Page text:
To indulgence further in your ignorance, besides German speaking countries as Switzerland and Austria, there are many Dutch, Luxembourg,Belgian, Polish and Scandinavians that do speak German.

Maybe odd for you, but a large portion of the European citizens speak more than English as a second tongue.

Last edited by FR9999; 20th Apr 2021 at 22:22.
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Old 19th Apr 2021, 14:17
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And?
If I ran a company I'd like to hire who I want to hire
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Old 19th Apr 2021, 14:30
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As a matter of fact, German is an official language in a couple of regions in Italy, including the one I live in.
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Old 19th Apr 2021, 15:34
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lilpilot, thank you for the reply. I was referring to the fact there may be jobs in Ireland which UK citizens are no longer eligible to apply for as their UK EASA licence (valid for life at time of issue) has been rescinded and replaced with a UK licence, not a back-door into living and working elsewhere in the EU. Additionally there are jobs around the world, outside of the EU territorially, which require EASa licences.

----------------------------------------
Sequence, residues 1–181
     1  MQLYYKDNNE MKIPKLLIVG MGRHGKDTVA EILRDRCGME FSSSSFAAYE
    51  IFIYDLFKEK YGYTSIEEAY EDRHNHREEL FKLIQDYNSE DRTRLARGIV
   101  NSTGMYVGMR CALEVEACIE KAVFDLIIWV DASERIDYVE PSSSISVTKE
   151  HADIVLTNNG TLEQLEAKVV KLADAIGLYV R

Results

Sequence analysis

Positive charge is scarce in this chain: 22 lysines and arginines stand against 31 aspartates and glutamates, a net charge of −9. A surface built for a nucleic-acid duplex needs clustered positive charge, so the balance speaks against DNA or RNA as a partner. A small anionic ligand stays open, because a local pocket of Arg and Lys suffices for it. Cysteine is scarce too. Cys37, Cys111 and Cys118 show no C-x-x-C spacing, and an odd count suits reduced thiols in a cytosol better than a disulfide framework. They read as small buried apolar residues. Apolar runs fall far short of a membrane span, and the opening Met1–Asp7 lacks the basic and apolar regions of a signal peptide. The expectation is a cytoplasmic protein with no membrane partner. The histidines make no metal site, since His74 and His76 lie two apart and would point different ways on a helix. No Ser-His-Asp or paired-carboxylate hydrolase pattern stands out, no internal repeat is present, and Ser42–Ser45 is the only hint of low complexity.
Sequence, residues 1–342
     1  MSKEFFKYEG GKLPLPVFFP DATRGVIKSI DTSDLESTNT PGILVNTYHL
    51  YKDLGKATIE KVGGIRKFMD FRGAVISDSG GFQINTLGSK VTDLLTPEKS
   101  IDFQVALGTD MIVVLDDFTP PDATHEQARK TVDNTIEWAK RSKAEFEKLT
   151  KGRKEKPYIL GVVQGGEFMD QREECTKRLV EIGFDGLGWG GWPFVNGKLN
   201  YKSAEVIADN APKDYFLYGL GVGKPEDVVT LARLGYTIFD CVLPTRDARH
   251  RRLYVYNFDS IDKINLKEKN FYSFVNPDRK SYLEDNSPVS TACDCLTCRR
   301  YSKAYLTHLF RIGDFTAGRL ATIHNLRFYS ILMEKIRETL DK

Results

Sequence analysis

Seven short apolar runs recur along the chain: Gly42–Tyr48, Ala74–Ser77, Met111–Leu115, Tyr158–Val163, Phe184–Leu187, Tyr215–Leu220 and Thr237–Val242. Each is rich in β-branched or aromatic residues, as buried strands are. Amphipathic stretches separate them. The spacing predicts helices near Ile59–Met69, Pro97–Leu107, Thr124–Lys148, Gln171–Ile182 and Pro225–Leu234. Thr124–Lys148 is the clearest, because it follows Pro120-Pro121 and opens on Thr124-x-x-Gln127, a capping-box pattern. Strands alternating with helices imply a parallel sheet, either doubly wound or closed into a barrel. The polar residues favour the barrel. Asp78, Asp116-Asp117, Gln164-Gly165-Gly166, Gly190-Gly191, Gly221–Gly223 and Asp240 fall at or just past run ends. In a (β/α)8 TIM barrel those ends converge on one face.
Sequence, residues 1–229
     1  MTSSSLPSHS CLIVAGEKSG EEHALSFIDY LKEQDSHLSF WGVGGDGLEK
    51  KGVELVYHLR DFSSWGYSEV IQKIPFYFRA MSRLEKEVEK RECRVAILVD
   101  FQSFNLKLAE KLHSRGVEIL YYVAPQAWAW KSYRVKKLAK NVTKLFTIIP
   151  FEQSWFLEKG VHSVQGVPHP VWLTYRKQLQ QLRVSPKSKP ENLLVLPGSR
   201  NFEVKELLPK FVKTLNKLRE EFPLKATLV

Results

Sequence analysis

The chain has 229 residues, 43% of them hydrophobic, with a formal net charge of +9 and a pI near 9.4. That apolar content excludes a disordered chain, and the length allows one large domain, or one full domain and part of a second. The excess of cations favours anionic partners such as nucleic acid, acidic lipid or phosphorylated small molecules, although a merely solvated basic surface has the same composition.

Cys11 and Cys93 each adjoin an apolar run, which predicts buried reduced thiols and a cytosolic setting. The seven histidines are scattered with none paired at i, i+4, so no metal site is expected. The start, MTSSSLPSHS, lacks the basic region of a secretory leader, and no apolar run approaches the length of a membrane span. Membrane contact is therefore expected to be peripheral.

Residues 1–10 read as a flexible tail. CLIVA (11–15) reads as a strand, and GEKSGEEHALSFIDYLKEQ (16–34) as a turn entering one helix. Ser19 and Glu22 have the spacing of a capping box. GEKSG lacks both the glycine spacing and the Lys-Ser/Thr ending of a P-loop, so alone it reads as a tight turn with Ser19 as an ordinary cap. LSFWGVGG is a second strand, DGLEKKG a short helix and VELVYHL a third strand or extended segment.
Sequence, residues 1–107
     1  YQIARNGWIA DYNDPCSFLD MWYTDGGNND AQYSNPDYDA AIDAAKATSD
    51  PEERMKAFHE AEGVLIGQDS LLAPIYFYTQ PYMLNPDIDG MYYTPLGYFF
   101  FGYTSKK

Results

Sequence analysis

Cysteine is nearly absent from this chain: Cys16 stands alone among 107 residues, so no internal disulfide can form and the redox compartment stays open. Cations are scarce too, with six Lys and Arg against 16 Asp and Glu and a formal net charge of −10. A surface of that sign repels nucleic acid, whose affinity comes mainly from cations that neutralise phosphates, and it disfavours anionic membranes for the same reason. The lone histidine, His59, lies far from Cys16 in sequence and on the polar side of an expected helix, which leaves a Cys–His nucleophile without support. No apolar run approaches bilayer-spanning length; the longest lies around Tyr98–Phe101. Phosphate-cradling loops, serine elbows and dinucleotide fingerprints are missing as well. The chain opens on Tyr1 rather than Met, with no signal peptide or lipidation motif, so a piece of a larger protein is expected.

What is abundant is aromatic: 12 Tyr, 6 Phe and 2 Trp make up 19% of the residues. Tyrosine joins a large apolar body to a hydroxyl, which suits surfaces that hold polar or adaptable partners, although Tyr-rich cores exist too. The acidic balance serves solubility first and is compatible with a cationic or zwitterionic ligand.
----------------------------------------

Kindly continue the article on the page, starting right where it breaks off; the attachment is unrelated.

To clarify, my main concern is for those who have completed EASA ground examinations and flight tests before 1/1/21 (in any EASA state), and were issued a valid for life EASA licence, but who now have ended up with a UK licence and are unable to get an EASA licence without re-doing it all. This includes those who always had a UK EASA licence, and those who transferred SOLI to a UK EASA licence, often as a condition of employment.